With face mask supply running low and the demand running high, about 70 Litchfield women hope to provide at least some assistance by creating thousands of the masks for those who need them.
DeAnn Rothstein, co-owner of DeAnn’s Country Village Shoppe in downtown Litchfield, said she saw a social media post that talked about the need for more face masks due to the coronavirus (COVID-19) pandemic, and she saw a way to pitch in. She helped rally a team of local women — who dubbed themselves the Masked Mamas — and came together to make about 500 masks in a week. And they plan to continue making more, Rothstein said.
“We would like to get to the point where we can put them at the grocery stores for the seniors to wear when they come into the grocery stores,” Rothstein said. “People need them. They should not be walking around without them. … It’s not like an N-95 mask, but it will extend the life of a disposable mask.
Although an N-95 mask is recommended by the Centers for Disease and Prevention as protection for health care professionals, the Masked Mama masks can also help, Rothstein said.
Rothstein said she contacted Dr. Deb Peterson, a family practice physician at Meeker Memorial Clinics & Hospital, who offered advice as to the best materials to use for the masks. The dimension of the masks is 6-inch by 9-inch, and the fabric is made of flannel, cotton and elastic. The masks come in different colors and shapes — from a Minnie Mouse character to flowers and more.
“These are being used by the hospital and the nursing home,” Rothstein said. “We’ve had a few elderly people ask us about them. First responders and the clinics. I had a couple of different people send me letters asking if we could get them for the food prep people and that kind of thing.”
The CDC allows the use of homemade masks, bandanas and scarves for health care professionals to use as a last resort.
“However, homemade masks are not considered personal protective equipment, since their capability to protect health care professionals is unknown,” according to the CDC. “Caution should be exercised when considering this option. Homemade masks should ideally be used in combination with a face shield that covers the entire front (that extends to the chin or below) and sides of the face.”
DeAnn and her husband have had their quilt business for about 28 years, selling colorful clothes, socks, home decor, children’s toys and books, and kitchenware among others. But during the uncertainty COVID-19 has caused worldwide, the couple have received a lot of encouragement.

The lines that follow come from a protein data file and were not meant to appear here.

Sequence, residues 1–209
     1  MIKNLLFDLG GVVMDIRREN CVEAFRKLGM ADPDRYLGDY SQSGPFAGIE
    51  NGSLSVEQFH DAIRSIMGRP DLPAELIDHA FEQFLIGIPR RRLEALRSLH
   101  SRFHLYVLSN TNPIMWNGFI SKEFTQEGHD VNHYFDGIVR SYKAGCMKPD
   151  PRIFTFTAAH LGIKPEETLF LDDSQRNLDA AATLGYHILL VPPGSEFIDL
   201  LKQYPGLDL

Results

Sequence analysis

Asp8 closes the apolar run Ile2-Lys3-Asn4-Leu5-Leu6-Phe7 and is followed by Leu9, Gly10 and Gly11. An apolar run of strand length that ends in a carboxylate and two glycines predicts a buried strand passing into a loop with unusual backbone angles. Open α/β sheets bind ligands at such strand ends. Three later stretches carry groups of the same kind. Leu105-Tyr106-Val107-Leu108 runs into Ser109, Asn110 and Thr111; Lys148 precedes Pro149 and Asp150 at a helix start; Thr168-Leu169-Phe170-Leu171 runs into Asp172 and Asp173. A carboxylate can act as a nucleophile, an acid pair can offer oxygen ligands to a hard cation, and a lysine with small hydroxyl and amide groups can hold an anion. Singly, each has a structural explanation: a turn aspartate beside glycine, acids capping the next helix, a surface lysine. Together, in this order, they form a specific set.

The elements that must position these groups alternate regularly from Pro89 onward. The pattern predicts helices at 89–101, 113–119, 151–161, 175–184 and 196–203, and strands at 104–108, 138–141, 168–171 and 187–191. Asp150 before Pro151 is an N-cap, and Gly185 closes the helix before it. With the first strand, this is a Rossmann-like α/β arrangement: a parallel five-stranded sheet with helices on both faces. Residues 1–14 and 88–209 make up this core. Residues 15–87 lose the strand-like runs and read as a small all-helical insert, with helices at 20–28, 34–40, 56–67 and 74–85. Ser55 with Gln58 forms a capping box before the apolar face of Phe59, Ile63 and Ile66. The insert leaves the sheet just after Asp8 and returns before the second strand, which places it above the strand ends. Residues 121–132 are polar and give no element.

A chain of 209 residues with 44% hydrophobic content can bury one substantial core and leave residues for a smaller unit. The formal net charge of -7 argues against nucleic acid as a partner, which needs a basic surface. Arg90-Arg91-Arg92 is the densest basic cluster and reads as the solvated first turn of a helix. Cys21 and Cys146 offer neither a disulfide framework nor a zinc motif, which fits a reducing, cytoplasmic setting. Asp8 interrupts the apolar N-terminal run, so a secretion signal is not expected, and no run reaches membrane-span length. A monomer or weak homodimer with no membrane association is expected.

“I can’t believe, people who even can’t do anything, can’t sew a stitch (ask), ‘Can you get me scissors, I will help you cut. I can iron.’ Some people who just say, ‘I just can’t do anything, but here’s a $10 bill,” Rothstein said. “Here’s a $20 bill, put it towards whatever you can do.’ It’s been absolutely amazing.”
Rothstein watched a YouTube mask-making tutorial created by Missouri Star Quilt Co., and she recommended it to others who may want to learn. It takes about an hour to make one mask, Rothstein said, from cutting the flannel and cotton, sewing it together, pressing it, washing and packaging.
“I have gone on to our (DeAnn’s Country Village Shoppe) store Facebook page, and I posted five pictures two days ago that has each step of what they need to do to get them made,” she said.
Minnesota Gov. Tim Walz announced on March 25 a two-week stay home order beginning at midnight Friday to help reduce community spread of COVID-19, with some exceptions to certain businesses that are considered essential.
“We are still going to be able to supply people back and forth,” Rothstein said. “And we will not be allowing people to come into the store to (shop) and that kind of thing. It will have to be curbside. And of course, now with the front road being tore up, it’s going to be more like backdoor side.”
These interesting times for the world, Rothstein said, are an opportunity to reflect on how we are living and managing our lives.
“I thoroughly believe God has His hand in this,” Rothstein said. “This whole world was spinning out of control. And suddenly, kids are staying at home with Mom and Dad in the evening. They’re putting puzzles together. They’re baking cookies from scratch. They’re doing crafts, they’re spending more time with grandma and grandpa. … We need to slow down and find out what’s important. It’s not all the stuff that we have. It’s not all the places we go to. It’s our families.”